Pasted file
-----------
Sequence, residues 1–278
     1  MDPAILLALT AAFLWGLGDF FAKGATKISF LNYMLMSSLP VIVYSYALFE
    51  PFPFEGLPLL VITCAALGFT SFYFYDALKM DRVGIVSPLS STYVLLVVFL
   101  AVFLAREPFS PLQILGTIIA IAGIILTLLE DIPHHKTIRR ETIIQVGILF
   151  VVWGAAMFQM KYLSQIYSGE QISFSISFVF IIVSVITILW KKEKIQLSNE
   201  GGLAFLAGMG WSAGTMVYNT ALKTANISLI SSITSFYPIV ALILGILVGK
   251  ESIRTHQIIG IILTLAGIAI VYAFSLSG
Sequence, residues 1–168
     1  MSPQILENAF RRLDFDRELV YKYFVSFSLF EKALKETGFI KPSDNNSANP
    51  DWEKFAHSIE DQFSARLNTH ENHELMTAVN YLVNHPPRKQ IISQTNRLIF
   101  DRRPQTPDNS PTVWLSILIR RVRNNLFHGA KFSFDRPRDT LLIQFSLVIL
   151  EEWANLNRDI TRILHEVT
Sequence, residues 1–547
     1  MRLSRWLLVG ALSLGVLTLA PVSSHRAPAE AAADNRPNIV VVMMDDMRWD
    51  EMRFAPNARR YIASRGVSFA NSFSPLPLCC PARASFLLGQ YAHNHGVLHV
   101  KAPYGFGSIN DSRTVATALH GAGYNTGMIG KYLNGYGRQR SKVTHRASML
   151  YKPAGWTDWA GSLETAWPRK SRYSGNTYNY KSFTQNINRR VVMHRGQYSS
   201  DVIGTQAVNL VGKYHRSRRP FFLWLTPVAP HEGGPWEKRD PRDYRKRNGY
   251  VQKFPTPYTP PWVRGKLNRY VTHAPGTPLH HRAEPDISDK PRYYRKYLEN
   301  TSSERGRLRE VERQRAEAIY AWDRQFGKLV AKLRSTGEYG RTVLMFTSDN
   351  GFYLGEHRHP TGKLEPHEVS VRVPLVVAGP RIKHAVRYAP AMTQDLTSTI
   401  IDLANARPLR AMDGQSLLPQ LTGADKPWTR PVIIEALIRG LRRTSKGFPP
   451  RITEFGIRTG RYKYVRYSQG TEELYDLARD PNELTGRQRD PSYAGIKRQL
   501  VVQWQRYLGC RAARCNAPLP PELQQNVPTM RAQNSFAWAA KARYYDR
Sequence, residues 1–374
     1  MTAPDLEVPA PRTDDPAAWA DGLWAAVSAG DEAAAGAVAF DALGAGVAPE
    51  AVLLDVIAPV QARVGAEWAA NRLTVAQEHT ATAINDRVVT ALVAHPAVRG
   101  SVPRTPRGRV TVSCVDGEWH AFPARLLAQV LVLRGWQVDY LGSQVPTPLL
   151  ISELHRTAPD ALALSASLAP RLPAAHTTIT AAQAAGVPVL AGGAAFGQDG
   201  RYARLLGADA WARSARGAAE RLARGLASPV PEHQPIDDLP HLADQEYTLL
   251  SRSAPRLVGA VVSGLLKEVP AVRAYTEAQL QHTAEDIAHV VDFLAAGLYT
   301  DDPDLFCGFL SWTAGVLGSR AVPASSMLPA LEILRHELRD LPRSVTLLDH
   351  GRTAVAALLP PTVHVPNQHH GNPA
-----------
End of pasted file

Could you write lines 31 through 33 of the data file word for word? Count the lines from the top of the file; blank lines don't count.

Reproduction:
   251  SRSAPRLVGA VVSGLLKEVP AVRAYTEAQL QHTAEDIAHV VDFLAAGLYT
   301  DDPDLFCGFL SWTAGVLGSR AVPASSMLPA LEILRHELRD LPRSVTLLDH
   351  GRTAVAALLP PTVHVPNQHH GNPA